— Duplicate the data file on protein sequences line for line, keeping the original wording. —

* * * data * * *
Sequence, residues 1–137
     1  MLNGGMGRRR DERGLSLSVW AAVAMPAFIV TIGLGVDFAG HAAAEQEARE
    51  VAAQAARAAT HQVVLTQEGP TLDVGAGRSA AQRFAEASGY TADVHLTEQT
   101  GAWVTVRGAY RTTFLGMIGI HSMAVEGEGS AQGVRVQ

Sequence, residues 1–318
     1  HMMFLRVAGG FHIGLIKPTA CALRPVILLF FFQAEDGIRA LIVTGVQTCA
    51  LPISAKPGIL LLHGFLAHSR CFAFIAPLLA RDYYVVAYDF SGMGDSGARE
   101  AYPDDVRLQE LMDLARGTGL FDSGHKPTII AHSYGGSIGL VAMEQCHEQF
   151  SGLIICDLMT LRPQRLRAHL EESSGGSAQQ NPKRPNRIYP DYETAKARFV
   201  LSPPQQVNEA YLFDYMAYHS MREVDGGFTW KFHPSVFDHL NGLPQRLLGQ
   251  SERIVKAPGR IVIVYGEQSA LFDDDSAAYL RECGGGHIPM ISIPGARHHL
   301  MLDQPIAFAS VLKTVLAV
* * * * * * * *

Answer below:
Sequence, residues 1–137
     1  MLNGGMGRRR DERGLSLSVW AAVAMPAFIV TIGLGVDFAG HAAAEQEARE
    51  VAAQAARAAT HQVVLTQEGP TLDVGAGRSA AQRFAEASGY TADVHLTEQT
   101  GAWVTVRGAY RTTFLGMIGI HSMAVEGEGS AQGVRVQ

Sequence, residues 1–318
     1  HMMFLRVAGG FHIGLIKPTA CALRPVILLF FFQAEDGIRA LIVTGVQTCA
    51  LPISAKPGIL LLHGFLAHSR CFAFIAPLLA RDYYVVAYDF SGMGDSGARE
   101  AYPDDVRLQE LMDLARGTGL FDSGHKPTII AHSYGGSIGL VAMEQCHEQF
   151  SGLIICDLMT LRPQRLRAHL EESSGGSAQQ NPKRPNRIYP DYETAKARFV
   201  LSPPQQVNEA YLFDYMAYHS MREVDGGFTW KFHPSVFDHL NGLPQRLLGQ
   251  SERIVKAPGR IVIVYGEQSA LFDDDSAAYL RECGGGHIPM ISIPGARHHL
   301  MLDQPIAFAS VLKTVLAV